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Beschreibung des Verlags
A comprehensive account of the rise and fall of one of the major shapers of American foreign policy
On the eve of his inauguration as President, Woodrow Wilson commented, "It would be the irony of fate if my administration had to deal chiefly with foreign affairs." As America was drawn into the Great War in Europe, Wilson used his scholarship, his principles, and the political savvy of his advisers to overcome his ignorance of world affairs and lead the country out of isolationism. The product of his efforts—his vision of the United States as a nation uniquely suited for moral leadership by virtue of its democratic tradition—is a view of foreign policy that is still in place today.
Acclaimed historian and Pulitzer Prize finalist H. W. Brands offers a clear, well-informed, and timely account of Wilson's unusual route to the White House, his campaign against corporate interests, his struggles with rivals at home and allies abroad, and his decline in popularity and health following the rejection by Congress of his League of Nations. Wilson emerges as a fascinating man of great oratorical power, depth of thought, and purity of intention.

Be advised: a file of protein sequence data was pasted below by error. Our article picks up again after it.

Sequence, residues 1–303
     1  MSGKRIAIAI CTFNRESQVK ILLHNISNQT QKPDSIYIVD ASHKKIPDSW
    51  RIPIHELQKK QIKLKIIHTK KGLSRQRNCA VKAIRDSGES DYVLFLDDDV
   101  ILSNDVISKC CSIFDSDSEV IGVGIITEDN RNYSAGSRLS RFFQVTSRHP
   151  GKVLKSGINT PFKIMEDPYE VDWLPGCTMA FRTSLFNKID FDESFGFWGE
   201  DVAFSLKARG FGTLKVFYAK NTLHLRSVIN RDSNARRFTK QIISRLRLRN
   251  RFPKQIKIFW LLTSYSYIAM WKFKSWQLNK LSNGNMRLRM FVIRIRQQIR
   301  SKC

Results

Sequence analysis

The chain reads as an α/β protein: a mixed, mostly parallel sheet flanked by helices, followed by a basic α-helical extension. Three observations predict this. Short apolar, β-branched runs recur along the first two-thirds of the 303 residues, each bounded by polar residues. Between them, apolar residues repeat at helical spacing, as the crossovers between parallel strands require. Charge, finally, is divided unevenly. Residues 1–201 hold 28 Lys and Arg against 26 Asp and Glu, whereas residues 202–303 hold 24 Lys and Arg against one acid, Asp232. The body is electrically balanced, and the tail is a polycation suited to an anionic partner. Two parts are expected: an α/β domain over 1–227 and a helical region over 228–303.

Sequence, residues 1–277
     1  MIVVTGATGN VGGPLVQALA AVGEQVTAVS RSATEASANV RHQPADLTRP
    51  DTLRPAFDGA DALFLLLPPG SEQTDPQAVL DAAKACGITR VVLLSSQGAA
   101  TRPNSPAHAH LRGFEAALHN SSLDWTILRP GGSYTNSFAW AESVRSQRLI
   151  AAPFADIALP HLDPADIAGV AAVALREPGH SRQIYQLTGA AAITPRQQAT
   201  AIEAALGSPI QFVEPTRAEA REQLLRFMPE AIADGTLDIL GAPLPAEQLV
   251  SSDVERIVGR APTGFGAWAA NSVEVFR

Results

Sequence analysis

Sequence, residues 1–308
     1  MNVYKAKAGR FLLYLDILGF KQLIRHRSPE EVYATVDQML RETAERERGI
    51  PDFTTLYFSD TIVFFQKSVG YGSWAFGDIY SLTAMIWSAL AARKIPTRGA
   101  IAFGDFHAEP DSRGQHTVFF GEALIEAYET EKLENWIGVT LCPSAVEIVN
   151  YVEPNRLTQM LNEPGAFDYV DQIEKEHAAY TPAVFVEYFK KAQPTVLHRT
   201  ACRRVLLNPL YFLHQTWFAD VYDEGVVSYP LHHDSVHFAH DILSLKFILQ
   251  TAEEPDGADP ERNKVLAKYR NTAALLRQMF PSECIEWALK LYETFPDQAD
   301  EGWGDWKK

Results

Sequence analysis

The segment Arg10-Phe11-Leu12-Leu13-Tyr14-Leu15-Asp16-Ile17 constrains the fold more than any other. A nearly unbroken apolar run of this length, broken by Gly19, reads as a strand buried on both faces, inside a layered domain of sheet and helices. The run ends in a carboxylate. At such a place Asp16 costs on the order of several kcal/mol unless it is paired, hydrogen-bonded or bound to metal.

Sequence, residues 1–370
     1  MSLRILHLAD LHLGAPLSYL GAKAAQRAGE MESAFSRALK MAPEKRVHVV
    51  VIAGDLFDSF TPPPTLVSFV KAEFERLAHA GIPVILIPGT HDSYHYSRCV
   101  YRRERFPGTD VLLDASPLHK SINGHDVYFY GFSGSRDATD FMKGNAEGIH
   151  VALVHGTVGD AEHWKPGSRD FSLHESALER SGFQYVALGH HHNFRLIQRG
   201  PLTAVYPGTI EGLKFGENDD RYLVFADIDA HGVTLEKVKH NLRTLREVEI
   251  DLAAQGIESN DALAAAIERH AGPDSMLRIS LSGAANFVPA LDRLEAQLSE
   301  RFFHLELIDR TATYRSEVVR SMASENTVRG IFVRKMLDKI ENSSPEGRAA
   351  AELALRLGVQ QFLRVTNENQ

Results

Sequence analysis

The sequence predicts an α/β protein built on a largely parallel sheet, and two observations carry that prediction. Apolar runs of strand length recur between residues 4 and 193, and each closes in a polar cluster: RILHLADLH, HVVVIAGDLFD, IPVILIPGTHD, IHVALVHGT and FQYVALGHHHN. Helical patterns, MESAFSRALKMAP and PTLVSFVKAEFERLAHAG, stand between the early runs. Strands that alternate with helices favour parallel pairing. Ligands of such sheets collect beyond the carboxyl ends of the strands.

At a time when U.S. foreign policy and the country's role in the world are very much at issue, what could be more appropriate than to revisit the president who set U.S. foreign policy on its course in the 20th century? Brands, best-selling author and Pulitzer finalist for The First American: The Life and Times of Benjamin Franklin, gives a sober portrait of a president dedicated to peace yet compelled to enter a brutal war. Yet more than his actions, Brands says, it is Wilson's words that remain with us:"The world must be made safe for democracy." Brands writes elegiacally of Wilson's"beautiful words, soaring words, words moved a nation and enthralled a world, words that for a wonderful moment were more powerful than armies." Though recent events cast doubt on Brands's statement that Wilson's views ("idealism is sometimes the highest form of realism") have triumphed and that the U.S. concedes the U.N.'s"role at the center of world affairs," his contribution to the American Presidents series, edited by Arthur M. Schlesinger, is a stirring reminder of the ideals that underlie American policy.